FERGUSON, Mo. -- The city government in Ferguson, the St. Louis suburb where protests broke out after a police officer shot and killed an 18-year-old in August 2014, has agreed to enter into an expansive deal with the federal government intended to end abusive policing and court practices that resulted in a broken relationship between law enforcement and the community.
A so-called consent decree between the Justice Department and the city government, approved by the Ferguson City Council on Tuesday evening, would put in place an extensive system meant to overhaul the city’s law enforcement and municipal court system. A federal judge has to sign off on the agreement before it goes into effect.
At a meeting on Tuesday night, members of the Ferguson City Council voted unanimously to approve the agreement with the federal government. The approval prompted cheers from the audience, which included many activists who have been protesting in the city in the 19 months since Brown's death.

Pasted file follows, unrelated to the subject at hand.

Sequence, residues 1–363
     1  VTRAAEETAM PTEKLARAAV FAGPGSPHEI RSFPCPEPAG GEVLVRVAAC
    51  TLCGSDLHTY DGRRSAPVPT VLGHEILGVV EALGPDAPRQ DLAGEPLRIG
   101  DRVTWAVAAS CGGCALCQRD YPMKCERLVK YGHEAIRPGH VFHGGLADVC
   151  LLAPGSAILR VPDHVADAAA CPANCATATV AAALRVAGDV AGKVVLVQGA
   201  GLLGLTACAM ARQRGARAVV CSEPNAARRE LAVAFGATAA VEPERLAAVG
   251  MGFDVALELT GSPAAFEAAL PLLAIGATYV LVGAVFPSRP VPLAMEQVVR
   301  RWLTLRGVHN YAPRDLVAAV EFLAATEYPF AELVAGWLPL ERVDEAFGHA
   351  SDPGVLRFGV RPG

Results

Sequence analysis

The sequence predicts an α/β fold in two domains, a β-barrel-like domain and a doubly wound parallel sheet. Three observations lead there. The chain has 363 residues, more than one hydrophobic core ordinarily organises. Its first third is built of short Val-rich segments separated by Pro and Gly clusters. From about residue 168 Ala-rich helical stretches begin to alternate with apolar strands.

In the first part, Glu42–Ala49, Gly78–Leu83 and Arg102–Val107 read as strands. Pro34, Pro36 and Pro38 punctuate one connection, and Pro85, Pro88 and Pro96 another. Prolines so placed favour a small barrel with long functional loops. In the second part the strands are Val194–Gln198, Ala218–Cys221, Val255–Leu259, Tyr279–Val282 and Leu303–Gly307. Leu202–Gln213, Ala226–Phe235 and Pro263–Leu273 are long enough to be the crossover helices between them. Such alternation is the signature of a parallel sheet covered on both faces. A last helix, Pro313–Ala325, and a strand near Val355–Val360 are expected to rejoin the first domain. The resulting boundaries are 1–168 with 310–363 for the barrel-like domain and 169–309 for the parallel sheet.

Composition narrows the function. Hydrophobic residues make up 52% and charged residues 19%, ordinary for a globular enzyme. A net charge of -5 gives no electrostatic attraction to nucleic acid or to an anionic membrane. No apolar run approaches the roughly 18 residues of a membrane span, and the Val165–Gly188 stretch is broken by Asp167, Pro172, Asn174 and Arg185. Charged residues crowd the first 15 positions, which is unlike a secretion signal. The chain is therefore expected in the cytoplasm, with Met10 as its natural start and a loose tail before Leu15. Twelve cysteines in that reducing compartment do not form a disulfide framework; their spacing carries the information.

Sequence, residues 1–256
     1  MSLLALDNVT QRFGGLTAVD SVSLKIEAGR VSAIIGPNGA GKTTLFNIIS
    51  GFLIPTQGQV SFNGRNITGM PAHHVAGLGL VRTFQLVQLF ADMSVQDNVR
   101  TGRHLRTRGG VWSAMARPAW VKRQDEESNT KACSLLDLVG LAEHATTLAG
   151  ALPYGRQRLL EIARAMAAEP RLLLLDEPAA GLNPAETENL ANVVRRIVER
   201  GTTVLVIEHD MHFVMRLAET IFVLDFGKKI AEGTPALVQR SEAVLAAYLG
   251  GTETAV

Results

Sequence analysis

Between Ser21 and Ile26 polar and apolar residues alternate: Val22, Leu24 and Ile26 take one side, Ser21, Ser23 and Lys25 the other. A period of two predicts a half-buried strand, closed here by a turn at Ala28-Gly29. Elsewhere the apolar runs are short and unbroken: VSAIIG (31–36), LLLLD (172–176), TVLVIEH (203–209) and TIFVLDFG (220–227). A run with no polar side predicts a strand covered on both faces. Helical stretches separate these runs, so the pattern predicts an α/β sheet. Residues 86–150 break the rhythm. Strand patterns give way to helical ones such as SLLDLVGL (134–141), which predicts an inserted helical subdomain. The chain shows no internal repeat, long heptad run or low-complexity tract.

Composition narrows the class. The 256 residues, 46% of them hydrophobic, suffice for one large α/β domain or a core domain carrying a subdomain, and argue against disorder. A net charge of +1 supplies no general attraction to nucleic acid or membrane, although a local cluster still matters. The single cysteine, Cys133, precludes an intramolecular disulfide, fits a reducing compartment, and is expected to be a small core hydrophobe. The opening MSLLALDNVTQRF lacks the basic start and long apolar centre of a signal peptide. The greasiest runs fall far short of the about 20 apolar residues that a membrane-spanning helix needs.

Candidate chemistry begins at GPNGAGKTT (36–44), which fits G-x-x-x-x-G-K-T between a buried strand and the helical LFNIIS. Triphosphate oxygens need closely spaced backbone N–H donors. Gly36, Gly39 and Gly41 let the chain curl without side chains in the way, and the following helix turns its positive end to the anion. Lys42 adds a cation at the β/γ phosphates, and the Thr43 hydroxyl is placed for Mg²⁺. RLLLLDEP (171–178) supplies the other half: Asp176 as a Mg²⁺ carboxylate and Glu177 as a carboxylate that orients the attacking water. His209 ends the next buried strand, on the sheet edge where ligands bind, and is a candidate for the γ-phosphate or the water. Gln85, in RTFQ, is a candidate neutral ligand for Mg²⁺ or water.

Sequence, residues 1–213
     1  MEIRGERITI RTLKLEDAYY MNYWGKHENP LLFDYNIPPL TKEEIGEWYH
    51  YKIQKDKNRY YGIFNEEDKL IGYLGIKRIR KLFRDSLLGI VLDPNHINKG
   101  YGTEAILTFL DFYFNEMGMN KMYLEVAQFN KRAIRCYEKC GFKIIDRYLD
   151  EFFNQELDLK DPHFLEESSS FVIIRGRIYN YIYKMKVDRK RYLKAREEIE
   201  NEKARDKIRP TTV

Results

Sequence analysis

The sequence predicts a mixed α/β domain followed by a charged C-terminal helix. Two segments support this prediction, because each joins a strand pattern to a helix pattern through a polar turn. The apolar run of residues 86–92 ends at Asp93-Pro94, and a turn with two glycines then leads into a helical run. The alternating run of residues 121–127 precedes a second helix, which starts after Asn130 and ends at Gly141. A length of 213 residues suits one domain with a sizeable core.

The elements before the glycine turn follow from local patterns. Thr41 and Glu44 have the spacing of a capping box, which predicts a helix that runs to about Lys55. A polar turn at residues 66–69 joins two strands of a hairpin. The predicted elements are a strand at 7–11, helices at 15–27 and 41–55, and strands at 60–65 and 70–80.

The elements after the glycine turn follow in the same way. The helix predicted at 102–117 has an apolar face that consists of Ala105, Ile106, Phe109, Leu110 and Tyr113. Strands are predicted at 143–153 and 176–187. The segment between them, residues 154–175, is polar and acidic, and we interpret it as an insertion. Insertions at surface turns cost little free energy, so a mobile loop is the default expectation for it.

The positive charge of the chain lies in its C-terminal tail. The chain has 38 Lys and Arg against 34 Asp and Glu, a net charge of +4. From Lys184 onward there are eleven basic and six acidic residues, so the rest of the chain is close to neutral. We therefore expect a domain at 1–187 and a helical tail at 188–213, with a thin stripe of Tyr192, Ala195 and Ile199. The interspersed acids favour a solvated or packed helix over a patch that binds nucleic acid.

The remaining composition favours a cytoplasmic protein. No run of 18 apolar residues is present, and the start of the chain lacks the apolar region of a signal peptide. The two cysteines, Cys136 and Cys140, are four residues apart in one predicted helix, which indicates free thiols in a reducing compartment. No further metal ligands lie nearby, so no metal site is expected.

Just over a year ago, the Justice Department released a lengthy report that outlined a pattern of constitutional abuses in Ferguson, which came under national scrutiny after former police officer Darren Wilson shot and killed Brown. DOJ found that many police officers viewed Ferguson residents, especially those living in predominantly black parts of the city, less as constituents and more as “potential offenders and sources of revenue.” Federal officials, using emails from Ferguson officials and police reports prepared by the city’s officers, painted a portrait of a government heavily infected by racial bias and that saw its police force as a revenue collection department instead of a law enforcement agency.
The consent decree is the product of months of negotiations between the city and lawyers in the Justice Department’s Civil Rights Division. But the deal nearly fell through last month when the city council voted to add several amendments to the deal, including one that mandated raises for Ferguson police officers that the city believed it could not afford. The Justice Department sued Ferguson the next day, and DOJ officials sent a letter meant to ease concerns about sections of the 131-page agreement that city officials worried would be too costly for the city.
Ferguson Mayor James Knowles, who once denied that Ferguson had a race problem and believed the Justice Department’s report put too much focus on race, said last week he was confident that the deal would be approved and called it the “right move going forward for this city.”
Ryan J. Reilly reported from Washington and Mariah Stewart reported from Ferguson.